Scientists, the National Security State, and Nuclear Weapons in Cold War America
Published by: University of Massachusetts Press
Redefining Science shows that the government achieved its Cold War "consensus" only by active opposition to powerful dissenters and helps explain the current and uneasy relationship between scientists, the public, and government in debates over issues such as security, energy, and climate change.
"Through a series of well-chosen case studies, Rubinson puts a very human face on the scientists who shaped debates over the very nature of humanity in the nuclear age."—Edwin A. Martini, author of Agent Orange: History, Science, and the Politics of Uncertainty
"Rubinson offers an illuminating depiction of the efforts of scientists to influence the potentially existential debates surrounding the development and use of nuclear weapons. In so doing, he insightfully analyzes the ways the national security state either co-opts, marginalizes, or discredits scientists who are potential critics of the government's use of science and technology to pursue global hegemony."—Peter Kuznick, author of Beyond the Laboratory: Scientists as Political Activists in 1930s America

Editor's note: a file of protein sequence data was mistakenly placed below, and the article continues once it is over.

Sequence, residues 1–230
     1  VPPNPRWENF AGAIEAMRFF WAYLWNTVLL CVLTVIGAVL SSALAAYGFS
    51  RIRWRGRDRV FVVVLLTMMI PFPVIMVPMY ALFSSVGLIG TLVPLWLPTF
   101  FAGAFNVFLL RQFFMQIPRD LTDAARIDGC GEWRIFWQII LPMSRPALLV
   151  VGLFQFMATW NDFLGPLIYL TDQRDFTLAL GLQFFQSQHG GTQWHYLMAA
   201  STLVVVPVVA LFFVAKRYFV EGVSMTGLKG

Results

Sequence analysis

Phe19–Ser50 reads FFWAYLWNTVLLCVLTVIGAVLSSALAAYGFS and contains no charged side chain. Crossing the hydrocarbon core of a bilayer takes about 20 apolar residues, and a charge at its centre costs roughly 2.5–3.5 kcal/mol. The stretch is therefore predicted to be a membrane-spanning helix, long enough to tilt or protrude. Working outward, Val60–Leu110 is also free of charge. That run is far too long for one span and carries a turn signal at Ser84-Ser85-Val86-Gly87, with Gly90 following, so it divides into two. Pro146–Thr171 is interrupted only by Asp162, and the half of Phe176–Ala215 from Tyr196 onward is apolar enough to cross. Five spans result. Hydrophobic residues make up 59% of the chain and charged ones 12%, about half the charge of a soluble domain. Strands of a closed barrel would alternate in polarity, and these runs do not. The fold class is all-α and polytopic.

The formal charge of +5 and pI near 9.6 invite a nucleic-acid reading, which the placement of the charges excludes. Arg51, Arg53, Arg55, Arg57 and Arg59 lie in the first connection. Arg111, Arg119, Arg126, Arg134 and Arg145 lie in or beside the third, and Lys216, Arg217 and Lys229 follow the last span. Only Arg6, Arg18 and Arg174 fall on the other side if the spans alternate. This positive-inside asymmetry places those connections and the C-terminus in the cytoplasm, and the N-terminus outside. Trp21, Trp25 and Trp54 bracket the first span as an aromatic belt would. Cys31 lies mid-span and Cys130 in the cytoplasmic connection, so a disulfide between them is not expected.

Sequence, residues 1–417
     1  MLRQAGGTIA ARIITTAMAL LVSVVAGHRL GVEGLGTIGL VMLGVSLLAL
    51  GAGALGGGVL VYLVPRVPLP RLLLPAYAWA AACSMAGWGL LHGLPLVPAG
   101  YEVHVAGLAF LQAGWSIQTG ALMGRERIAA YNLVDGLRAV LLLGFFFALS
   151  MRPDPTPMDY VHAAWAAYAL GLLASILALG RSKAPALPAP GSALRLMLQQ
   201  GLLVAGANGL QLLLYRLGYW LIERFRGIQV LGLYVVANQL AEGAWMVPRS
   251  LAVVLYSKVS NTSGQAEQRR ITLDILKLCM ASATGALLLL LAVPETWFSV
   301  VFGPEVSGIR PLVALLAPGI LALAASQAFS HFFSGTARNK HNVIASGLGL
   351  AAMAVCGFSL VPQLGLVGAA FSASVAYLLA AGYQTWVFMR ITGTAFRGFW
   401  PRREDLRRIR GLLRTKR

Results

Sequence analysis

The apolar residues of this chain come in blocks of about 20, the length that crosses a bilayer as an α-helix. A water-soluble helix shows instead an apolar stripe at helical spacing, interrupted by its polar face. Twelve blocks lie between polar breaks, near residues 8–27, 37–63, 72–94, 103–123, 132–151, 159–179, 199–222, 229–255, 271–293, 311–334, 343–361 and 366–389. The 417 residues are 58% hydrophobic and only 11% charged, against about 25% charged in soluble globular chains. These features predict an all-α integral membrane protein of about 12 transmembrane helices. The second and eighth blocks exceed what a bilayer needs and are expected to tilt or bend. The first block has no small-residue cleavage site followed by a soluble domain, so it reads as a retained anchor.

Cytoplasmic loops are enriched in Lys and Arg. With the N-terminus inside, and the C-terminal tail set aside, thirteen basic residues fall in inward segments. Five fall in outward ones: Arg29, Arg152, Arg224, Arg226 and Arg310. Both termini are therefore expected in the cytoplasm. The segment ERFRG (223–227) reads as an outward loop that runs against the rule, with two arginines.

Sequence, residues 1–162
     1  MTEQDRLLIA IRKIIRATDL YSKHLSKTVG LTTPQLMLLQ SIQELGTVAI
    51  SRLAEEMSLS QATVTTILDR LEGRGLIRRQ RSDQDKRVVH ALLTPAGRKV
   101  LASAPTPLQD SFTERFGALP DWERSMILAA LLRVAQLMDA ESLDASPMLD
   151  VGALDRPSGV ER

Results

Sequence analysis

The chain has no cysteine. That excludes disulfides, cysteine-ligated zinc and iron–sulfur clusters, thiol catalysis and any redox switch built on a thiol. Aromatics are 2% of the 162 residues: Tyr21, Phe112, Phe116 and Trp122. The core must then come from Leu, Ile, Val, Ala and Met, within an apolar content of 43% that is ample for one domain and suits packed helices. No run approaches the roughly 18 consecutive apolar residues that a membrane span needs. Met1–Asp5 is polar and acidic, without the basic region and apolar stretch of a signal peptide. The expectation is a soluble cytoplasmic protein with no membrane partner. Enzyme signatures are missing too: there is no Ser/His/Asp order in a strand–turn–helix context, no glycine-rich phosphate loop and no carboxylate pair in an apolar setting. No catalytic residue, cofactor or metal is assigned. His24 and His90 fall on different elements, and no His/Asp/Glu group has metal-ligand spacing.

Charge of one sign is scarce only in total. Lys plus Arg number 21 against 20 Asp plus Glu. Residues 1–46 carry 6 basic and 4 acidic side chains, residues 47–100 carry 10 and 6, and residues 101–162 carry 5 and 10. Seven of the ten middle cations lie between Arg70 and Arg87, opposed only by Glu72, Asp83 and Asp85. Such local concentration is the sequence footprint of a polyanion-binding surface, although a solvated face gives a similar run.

"The case it makes is compelling. Redefining Science will be of considerable interest to historians of twentieth-century science, as well as to those with more specialized interests in policy history."—Isis: A Journal of the History of Science
"Redefining Science prompts readers to ponder important questions about the risks of ideological conformity and the many factors affecting perceptions of scientific credibility."—Journal of American History